“I’ve seen butchery from dead animals but this is the first time I’ve actually seen it from the point of the killing and it’s going to make me go back to my kitchen and really think twice about everything I’ve been doing,” he said.
“One of the biggest things is just thinking about where your food is coming from that that understanding that these were a live animal that somebody cared for and loved and is now sacrificing for everyone here to enjoy it. It’s a very powerful thing.”
Mark Sabbe is a sous chef at Merxat a la Plancha. This is his second year.
“I think it’s really important for anyone who works in food to understand where it comes from,” he says. “As a chef I want to understand how the animals are raised and how they are killed and what goes into breaking it down….Once you’ve met Kim and you’ve been to her farm and you see the way she takes care of her animals it’s really difficult to buy commercial [pork] again.”
Edward Kim is the executive chef at Ruxbin and Mott Street. He brought members of both his kitchen and his dining room staff.
“The average person when they go the grocery store, their meat comes in a cellophane package and doesn’t even seem like an animal,” he said. “One of the greatest lessons I can teach my staff and cooks is to respect the food and remember that protein was a living animal. It’s not fun to watch the harvesting of animal but it really brings it home that this was a living being and you are going to make sure that pork and chicken and try your best and make it taste as good as you can.”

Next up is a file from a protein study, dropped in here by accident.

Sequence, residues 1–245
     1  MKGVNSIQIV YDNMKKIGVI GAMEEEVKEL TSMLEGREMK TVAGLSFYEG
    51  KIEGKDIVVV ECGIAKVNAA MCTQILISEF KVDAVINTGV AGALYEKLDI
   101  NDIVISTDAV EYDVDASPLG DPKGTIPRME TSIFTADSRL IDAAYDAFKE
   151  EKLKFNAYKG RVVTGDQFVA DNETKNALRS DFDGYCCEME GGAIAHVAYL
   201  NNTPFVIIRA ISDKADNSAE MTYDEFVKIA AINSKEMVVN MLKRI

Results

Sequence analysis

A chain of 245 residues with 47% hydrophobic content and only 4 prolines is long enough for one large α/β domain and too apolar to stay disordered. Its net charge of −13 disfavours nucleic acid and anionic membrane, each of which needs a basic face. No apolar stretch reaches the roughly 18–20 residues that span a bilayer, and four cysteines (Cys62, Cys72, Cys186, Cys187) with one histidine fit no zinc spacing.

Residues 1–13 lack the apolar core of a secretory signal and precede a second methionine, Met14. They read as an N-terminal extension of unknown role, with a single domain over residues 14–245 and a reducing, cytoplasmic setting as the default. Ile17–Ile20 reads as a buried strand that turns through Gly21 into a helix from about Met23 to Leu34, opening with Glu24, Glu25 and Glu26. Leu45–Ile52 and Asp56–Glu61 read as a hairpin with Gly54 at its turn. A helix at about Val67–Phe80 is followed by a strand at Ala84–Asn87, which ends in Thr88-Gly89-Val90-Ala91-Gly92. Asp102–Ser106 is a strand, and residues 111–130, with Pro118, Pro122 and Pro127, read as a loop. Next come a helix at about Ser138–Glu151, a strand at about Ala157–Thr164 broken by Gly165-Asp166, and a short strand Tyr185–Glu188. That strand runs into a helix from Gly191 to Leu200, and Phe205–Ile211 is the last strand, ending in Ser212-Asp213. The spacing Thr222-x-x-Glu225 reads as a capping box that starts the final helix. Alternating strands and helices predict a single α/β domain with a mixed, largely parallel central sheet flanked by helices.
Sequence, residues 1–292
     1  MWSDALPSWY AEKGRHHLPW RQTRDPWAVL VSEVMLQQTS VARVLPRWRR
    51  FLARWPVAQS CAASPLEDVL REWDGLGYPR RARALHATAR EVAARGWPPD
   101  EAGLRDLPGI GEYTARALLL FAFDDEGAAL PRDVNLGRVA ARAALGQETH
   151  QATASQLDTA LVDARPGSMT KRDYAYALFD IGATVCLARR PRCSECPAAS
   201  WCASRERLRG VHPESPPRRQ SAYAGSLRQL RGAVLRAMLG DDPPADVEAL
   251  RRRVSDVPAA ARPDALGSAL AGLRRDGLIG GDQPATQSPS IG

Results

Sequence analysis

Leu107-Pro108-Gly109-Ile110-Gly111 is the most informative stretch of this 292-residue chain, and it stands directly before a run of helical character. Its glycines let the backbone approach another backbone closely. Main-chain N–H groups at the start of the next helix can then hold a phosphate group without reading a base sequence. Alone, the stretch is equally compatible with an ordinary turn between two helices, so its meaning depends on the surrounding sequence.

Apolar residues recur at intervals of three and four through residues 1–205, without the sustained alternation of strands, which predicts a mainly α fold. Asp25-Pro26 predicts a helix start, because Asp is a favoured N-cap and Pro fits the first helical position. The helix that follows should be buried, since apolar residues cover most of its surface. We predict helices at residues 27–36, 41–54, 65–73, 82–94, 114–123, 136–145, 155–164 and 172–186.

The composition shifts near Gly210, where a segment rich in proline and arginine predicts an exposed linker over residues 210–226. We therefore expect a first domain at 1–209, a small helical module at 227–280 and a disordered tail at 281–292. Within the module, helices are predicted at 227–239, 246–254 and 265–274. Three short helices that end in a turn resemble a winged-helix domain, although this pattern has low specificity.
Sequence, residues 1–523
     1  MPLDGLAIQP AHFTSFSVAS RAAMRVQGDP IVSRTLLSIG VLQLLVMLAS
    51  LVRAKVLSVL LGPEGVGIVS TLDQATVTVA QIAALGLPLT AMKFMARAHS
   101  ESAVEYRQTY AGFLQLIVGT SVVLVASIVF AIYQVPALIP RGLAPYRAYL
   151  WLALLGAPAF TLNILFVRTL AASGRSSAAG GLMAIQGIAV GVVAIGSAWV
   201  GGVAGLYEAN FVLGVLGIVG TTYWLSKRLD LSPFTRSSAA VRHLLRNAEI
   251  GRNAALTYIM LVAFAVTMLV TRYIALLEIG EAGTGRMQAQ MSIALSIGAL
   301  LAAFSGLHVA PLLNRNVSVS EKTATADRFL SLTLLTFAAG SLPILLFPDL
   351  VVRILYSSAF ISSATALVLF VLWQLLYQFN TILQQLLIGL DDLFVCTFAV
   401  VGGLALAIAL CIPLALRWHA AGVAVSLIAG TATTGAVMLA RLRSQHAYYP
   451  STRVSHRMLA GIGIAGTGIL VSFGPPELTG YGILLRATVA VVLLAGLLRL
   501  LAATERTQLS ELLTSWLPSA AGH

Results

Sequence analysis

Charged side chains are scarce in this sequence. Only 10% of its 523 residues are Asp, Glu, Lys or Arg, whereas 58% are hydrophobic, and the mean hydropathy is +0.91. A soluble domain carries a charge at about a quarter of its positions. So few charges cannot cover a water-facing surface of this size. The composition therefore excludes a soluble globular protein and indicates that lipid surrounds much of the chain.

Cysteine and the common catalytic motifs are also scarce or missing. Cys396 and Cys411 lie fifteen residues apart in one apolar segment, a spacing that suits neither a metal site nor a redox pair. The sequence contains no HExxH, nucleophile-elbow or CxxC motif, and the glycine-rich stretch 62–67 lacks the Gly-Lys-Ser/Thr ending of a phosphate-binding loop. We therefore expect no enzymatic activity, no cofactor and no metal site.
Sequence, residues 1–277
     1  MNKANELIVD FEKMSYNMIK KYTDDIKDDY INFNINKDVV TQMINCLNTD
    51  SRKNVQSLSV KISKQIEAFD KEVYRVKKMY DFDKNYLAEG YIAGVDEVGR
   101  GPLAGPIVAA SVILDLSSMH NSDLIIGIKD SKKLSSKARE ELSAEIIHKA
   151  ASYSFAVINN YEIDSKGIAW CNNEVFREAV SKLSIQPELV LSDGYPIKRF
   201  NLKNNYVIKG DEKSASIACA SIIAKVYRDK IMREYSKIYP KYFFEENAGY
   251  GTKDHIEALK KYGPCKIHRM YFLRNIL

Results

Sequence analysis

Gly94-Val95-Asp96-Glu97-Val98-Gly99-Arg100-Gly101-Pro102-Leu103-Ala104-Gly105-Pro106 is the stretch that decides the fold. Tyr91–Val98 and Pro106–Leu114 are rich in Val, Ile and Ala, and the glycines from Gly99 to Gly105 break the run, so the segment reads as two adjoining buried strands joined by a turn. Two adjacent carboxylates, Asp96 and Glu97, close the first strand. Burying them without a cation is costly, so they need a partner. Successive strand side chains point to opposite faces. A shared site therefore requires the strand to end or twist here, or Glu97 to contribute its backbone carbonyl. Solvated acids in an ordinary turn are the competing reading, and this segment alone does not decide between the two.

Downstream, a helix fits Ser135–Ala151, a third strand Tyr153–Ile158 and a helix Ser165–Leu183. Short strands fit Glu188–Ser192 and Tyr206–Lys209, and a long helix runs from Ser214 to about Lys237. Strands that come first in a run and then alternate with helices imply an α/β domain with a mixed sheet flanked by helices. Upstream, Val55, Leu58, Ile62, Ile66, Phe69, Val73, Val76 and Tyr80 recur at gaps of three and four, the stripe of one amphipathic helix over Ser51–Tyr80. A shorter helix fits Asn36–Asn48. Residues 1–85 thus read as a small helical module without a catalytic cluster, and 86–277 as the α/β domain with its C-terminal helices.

Over the years, I’ve interviewed a lot of chefs at this event who felt transformed by the experience. But I’ve also interviewed the kids—mostly city kids whose allowed them to witness the slaughter.
“It made me feel sad and kind of grossed out because I don’t like seeing dead stuff,” she said. “But after it, I thought a lot more about what I’m eating.
WBEZ digital editor Tim Akimoff brought his 12-year-old son Carson this year, too. Some of the aspects of the slaughter took him by surprise.
“I didn’t think there would be as much blood as that,” the 12-year-old said. “I used to think the meat we eat came from more around the stomach, but I learned it comes from around the thighs.”
But do they think it’s OK for parents to let their kids see it?
“If they know their kid well and they think that they are too sensitive to see it...then they shouldn’t,” Miranda said. “But if they are just being overprotective...then they should let them go.”
“I think it’s good to see where your meat comes from because it’s how we get our food,” he says.
After the animals are quartered and moved to the freezer to chill, Snyder takes first timers on a tour of the farm where cows, chickens and hogs largely roam free.
Others cool off in the shade while listening to the tunes of cowboy singer Kent Rose.
After the tour, the chefs descend on Snyder’s large kitchen to prep their potluck dishes, while others work to break down the carcasses. Right before sun down they load long outdoor tables with platters of grilled vegetables, rosemary rolls, farro salad with roasted squash, beet and goat cheese salads, braised goat and vanilla cake and deeply chocolately brownies.
By night’s end, each will go home with a souvenir ceramic cup, several pounds of fresh pork and a some new insights on the meat they serve in their kitchens and restaurants.
Monica Eng is a WBEZ web producer. Follow her @monicaeng.